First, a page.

I recently reread a 2014 Forbes article by GMU law professor Todd Zywicki and former Fed economist Thomas Durkin based on their Oxford-published Consumer Credit and the American Economy and thought it was worth sharing. The authors explain that despite the claims of people like Elizabeth Warren,
economists have long understood why consumers borrow. Although there are exceptions to any rule, for most it bears little resemblance to Senator Warren’s picture of hapless victims goaded into debt by rapacious credit card issuers. Instead, consumers borrow for essentially the same reasons that businesses borrow: for capital investments and to smooth disruptions in income and expenses. And paternalistic regulations that make credit more expensive and less available typically makes people poorer.
Zywicki and Durkin use the example of a washing machine:
A washing machine is no frivolous bauble; its value is in not having to schlep to the laundromat every Saturday with a pocket full of quarters. While a washing machine costs much more on the front end to acquire, it generates a stream of benefits over years. In that sense, it is no different from a construction company that borrows money to purchase a backhoe to dig a ditch instead of hiring ten guys with shovels.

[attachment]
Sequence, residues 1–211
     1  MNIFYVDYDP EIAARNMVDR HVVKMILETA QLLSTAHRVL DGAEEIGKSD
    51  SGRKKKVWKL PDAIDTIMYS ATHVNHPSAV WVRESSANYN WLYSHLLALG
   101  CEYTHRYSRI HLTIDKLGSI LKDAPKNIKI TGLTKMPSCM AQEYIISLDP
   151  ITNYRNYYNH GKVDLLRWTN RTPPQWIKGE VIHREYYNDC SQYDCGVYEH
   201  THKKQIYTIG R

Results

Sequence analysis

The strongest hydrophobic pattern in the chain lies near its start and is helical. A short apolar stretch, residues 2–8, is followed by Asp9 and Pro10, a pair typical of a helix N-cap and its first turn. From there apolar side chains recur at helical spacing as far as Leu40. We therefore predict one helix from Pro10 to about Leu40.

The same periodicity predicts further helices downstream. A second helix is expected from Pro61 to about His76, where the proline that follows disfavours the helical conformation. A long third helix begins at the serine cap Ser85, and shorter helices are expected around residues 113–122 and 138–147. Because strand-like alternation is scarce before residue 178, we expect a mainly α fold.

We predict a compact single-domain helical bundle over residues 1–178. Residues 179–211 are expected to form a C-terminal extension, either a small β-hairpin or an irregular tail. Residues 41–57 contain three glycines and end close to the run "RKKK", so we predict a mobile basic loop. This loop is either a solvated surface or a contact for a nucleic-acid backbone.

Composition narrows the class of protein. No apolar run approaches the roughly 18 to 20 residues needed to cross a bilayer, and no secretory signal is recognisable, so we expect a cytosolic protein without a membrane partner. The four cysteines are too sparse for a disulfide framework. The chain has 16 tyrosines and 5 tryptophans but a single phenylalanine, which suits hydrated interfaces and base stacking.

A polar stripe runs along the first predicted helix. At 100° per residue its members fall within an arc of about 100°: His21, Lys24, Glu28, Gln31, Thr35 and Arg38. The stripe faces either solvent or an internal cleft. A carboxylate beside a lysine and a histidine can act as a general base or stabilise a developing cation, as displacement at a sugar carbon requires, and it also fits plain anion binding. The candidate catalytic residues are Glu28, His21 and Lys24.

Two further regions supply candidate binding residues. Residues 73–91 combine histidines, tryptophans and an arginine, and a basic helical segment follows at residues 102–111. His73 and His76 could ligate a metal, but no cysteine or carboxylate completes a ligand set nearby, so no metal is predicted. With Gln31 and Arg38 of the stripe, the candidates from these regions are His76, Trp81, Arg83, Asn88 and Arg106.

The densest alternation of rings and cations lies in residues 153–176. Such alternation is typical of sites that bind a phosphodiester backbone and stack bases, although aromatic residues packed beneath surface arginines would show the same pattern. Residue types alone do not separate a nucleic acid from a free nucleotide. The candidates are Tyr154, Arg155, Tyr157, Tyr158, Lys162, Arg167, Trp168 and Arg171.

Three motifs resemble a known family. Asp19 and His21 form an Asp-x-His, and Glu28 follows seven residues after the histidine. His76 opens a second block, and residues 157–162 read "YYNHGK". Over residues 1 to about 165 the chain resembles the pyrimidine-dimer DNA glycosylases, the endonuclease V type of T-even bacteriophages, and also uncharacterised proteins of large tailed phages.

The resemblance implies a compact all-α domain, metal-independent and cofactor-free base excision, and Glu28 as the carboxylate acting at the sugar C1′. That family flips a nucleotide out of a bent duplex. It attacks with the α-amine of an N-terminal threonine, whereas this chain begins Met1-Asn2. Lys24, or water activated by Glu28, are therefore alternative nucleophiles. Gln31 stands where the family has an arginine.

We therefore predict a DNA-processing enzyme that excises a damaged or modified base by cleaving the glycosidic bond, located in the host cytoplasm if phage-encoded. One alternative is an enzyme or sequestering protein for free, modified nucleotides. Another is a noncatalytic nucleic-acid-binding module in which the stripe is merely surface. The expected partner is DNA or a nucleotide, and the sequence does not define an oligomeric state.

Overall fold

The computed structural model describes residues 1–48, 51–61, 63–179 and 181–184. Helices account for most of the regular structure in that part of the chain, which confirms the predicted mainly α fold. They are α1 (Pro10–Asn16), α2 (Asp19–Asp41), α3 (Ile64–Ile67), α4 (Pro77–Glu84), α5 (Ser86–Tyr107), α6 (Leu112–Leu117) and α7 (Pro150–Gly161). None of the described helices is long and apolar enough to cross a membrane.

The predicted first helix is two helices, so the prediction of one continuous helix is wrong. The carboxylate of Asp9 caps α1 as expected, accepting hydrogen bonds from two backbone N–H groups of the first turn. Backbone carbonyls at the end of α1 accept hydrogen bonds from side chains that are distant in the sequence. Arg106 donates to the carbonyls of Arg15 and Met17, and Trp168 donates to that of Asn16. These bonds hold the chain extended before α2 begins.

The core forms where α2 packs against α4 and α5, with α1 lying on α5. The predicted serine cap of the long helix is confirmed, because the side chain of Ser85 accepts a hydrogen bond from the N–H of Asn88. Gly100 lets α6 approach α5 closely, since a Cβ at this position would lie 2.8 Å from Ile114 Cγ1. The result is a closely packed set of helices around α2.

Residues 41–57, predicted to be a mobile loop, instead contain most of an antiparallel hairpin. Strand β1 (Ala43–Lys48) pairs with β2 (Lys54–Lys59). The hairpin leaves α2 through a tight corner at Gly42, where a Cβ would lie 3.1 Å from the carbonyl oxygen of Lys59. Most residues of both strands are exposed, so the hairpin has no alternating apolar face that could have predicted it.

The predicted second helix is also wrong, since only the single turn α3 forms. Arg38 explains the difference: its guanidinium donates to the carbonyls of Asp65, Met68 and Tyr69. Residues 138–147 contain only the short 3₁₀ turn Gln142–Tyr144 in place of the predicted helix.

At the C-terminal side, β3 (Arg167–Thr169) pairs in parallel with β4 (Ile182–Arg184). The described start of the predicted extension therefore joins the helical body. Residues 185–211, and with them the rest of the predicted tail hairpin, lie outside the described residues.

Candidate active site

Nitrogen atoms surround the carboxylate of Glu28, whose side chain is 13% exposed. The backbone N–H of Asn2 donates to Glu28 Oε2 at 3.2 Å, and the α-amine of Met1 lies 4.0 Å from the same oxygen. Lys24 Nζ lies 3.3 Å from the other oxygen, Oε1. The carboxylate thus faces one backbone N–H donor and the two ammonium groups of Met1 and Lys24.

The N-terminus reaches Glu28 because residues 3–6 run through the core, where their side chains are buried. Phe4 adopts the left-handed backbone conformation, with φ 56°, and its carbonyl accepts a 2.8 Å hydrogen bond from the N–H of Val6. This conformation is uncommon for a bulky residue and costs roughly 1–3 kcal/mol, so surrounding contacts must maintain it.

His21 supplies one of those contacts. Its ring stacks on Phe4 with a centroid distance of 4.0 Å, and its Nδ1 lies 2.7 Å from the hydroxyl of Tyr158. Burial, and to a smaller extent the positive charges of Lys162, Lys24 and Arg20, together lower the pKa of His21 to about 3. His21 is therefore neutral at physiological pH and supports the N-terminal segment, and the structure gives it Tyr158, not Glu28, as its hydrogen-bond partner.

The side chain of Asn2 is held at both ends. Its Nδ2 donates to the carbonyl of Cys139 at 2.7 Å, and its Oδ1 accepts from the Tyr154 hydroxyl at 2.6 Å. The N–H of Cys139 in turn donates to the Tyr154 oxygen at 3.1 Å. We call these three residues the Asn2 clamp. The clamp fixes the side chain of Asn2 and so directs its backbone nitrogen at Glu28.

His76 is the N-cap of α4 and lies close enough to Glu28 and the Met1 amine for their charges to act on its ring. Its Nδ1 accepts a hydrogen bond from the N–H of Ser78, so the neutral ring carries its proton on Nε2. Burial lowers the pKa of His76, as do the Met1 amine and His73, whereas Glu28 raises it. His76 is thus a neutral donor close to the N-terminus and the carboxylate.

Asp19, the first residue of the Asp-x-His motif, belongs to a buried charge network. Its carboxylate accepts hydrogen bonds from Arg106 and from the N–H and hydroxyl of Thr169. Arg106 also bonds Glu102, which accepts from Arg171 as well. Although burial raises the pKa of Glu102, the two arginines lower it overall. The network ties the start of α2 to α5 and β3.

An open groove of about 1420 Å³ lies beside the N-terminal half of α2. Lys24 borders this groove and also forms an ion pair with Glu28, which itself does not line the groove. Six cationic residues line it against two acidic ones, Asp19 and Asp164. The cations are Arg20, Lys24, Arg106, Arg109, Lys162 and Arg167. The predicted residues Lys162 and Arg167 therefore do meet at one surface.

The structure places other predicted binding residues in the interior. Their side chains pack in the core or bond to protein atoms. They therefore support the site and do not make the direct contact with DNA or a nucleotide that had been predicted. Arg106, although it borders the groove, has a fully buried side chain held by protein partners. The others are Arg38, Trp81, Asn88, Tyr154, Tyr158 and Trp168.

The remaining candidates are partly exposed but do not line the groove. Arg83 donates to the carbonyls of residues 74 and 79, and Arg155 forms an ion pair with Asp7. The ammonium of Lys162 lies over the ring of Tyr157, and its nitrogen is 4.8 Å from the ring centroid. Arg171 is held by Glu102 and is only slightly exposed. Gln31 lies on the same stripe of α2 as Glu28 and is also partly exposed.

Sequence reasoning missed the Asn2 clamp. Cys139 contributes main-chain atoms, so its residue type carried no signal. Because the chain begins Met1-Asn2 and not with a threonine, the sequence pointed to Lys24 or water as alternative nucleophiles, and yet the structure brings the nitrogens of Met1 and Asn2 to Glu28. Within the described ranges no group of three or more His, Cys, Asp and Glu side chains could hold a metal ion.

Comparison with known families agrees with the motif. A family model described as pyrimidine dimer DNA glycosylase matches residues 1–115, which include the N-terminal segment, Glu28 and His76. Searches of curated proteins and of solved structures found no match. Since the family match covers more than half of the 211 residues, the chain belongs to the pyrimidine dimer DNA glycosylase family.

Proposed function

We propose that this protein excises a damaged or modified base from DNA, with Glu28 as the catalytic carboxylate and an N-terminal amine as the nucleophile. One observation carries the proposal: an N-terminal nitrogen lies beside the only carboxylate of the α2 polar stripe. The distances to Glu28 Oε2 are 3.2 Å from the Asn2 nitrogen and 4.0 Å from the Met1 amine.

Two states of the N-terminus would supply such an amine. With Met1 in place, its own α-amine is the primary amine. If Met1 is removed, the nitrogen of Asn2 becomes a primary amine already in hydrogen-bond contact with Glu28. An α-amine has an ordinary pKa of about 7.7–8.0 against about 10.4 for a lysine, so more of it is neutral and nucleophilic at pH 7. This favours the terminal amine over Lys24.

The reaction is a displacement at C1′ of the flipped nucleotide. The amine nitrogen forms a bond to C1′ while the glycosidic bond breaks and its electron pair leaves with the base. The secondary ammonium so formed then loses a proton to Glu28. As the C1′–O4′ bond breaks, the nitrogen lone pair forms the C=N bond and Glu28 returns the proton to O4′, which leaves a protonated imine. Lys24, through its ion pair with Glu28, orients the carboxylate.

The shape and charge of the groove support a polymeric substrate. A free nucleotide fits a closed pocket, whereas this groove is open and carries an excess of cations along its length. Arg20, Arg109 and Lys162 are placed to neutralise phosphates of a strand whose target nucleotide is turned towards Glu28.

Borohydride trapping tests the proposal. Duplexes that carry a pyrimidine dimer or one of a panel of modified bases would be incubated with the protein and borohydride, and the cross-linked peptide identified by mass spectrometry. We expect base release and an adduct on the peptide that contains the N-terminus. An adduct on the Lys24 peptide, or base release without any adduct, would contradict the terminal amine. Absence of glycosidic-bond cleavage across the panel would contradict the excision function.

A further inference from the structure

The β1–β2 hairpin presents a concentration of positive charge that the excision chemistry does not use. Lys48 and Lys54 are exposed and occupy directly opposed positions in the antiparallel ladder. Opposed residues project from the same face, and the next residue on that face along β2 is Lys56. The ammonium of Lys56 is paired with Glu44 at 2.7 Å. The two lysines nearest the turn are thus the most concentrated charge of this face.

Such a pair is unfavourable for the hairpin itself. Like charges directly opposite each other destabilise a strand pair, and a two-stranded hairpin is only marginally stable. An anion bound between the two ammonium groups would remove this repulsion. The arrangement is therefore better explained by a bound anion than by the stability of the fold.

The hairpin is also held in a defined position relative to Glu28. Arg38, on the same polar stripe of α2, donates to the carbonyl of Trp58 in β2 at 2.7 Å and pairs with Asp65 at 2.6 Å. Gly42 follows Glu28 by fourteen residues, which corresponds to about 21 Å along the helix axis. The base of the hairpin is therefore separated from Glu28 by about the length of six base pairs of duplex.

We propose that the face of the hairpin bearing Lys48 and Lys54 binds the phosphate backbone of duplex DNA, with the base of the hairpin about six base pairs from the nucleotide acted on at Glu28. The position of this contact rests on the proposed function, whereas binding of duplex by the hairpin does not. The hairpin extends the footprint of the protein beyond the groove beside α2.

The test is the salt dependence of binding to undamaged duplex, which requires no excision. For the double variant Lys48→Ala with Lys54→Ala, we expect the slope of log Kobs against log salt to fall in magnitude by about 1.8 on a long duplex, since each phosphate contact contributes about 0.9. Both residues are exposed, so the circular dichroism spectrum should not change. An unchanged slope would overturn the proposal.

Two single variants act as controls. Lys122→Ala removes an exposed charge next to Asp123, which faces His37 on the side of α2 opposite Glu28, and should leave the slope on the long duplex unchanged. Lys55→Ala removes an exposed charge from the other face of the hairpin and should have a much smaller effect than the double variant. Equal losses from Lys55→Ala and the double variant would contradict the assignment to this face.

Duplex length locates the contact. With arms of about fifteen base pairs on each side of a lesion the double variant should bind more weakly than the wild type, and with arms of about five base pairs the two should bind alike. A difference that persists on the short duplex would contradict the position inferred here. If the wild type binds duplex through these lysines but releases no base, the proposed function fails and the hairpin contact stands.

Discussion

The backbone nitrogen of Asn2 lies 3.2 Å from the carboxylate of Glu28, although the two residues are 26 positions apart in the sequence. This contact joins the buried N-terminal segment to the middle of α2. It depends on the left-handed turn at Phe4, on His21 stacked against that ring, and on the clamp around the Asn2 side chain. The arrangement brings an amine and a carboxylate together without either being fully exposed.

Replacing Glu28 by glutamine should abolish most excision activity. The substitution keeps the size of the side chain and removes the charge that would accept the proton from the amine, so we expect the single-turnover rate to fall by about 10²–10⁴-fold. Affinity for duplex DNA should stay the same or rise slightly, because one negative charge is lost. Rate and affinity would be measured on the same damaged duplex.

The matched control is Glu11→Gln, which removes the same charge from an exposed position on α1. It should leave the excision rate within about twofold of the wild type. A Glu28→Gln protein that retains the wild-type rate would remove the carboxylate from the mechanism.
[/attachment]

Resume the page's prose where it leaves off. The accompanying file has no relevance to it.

The “hand-wringing about how other people use consumer debt is as old as debt itself. For example, the New York Times warned in the 70s that American consumers were “borrowing trouble”—the 1870s, that is.” They point out that
40 years ago if you needed $400 for a car repair, you would visit your bank, credit union, or a local personal finance company for a loan to be repaid over 12-24 months. If you bought a refrigerator or new bedroom set, you would finance it through the appliance store or department store and repay it “on time.” Today, you likely would just put it on your credit card. In fact, even despite the astonishing surge of student loan debt over the past two decades (it now exceeds credit card debt), the non-mortgage debt repayment obligation as a share of income is actually lower today for the typical household, including the typical low-income household, than in 1980 (see chart below).
while well-designed regulation can improve competition and consumer choice, economic history demonstrates that heavy-handed regulations that restrict product offerings frequently harm their intended beneficiaries. For example, who uses payday lending? Those who don’t have access to credit cards or would max out their cards if they used them. So what happens when well-intentioned regulators take away payday lending? Many payday lending customers shift to other alternatives, such as bank overdraft protection or pawnbrokers, which are often even more expensive. Eliminating options for low-income consumers (especially those options that they are actually using) doesn’t eliminate their need for credit.
The whole article is worth reading. Check it out.